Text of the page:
Last Updated:Friday - 09/24/2010
June 6, 2005
Put the Eucharist at the centre
We live in unholy times. If we have one task as Christians, it is to make our times more holy.
It is necessary to recall some of what makes this era unholy: family breakdowns, the push for same-sex marriage, escalating consumerism, horrific crimes (especially those against children), the embarrassing antics of our political leaders, a mindless fascination with entertainment, growing attacks on the Church, a relentless busy-ness and blindness to the poor, homeless and lonely.
We can respond by starting new Catholic organizations and institutions or by improving and strengthening the ones we have. This can be good, but only if it challenges the root of the problem - the practical Catholic.
The practical, or practising, Catholic is one whose faith consists in meeting the precepts of the Church: attending Mass on Sundays and holy days of obligation, avoiding unnecessary and inappropriate work on those days, leading a regular sacramental life, observing the marriage laws of the Church, financially supporting the Church and doing penance at the appointed times.
One can qualify as a "good Catholic" by following these precepts, especially now when fewer people actually do. But it is not enough.
The chimera of naturalism is deluding us. We believe that if we avoid serious sin and observe basic religious practices, we will be saved. The Second Vatican Council called us to much more than this. It said all the baptized are called to holiness.
We are called to be, not just practising Catholics, but saints.
The centre of sainthood is the love of God. It is not something we switch on or off. It is always on and it permeates every aspect of our lives. And, as it permeates our lives, it also permeates the society around us.
How do we get there? The two most important steps are frequent Confession and constant prayer. Confession will make me realize I am totally dependent on God's mercy. It will force me to confront the sins that reveal that I love God less than I might. Prayer is the basis of and expression of my love for God.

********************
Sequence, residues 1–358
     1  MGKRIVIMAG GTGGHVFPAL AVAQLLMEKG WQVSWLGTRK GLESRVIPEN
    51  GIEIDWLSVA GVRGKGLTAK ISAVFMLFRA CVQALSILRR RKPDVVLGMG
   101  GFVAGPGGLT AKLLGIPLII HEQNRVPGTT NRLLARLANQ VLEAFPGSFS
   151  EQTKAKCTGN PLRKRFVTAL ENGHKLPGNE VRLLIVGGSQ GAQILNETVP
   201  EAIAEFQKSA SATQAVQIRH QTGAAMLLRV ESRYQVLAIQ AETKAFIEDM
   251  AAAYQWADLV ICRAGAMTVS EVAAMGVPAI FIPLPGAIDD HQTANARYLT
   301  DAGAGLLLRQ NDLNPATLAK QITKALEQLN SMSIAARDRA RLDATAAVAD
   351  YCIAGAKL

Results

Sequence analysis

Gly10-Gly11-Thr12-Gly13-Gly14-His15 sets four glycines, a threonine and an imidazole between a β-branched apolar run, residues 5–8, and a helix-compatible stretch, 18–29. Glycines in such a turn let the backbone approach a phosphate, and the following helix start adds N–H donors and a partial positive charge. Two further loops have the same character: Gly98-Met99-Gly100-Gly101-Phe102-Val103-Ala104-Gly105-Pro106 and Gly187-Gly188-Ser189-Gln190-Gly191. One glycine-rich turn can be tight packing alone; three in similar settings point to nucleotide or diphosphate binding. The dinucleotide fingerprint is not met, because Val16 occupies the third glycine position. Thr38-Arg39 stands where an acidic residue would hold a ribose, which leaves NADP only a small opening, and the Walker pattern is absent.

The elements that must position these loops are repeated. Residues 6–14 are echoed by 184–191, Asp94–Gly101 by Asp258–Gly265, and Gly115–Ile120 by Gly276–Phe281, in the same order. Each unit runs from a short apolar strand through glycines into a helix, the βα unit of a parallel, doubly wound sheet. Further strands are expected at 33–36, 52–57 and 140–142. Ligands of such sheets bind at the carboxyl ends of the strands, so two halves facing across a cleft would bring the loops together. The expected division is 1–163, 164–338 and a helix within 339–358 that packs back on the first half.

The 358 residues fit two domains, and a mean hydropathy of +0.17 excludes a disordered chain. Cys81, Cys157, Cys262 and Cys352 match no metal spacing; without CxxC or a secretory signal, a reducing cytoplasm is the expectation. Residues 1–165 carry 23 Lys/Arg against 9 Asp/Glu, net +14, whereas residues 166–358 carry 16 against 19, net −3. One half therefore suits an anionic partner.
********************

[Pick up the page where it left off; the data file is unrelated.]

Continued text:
The more I pray - and pray devoutly - the more I will be in love with God. We need to move from living naturally to living supernaturally. You can see the people around you who have done this - laity, priests, religious. Their lives have a glow that is rooted in a close relationship with Jesus.
Jesus is the centre. It is not enough to avoid serious sin. It is not enough to do good things. The centre must be a loving relationship with Jesus.
On the feast of Corpus Christi, Archbishop Thomas Collins led Catholics of the Edmonton Archdiocese in taking a significant step towards a more God-centred life. He led a public procession of the Holy Eucharist through downtown Edmonton and he established a chapel for perpetual Eucharistic Adoration of the Blessed Sacrament.
Eucharistic Adoration is not the only way to pray. But as we come to be filled with a love of Jesus, we will find it fitting that we bring more of our prayer before the Blessed Sacrament. For here is Christ himself, really present before us. If we want to adore Jesus as God Incarnate and talk to him about important matters, we will sometimes have to get off the phone and come to meet him face to face.
The archdiocese is seeking more people to take part in perpetual adoration so that it occurs 168 hours a week. Taking part in this prayer can be important not only for your own life, but also for the life of society.
If we want to transform the world with God's law and the fire of God's love, we will find we cannot do it. Only God can do it. The temptation of the age is to delude ourselves into thinking our actions have lasting value on their own. We need to offer God our willing hands so he can do the work - hands, which after they have been raised in prayer, can reach out to do God's work in our world.
- Glen Argan
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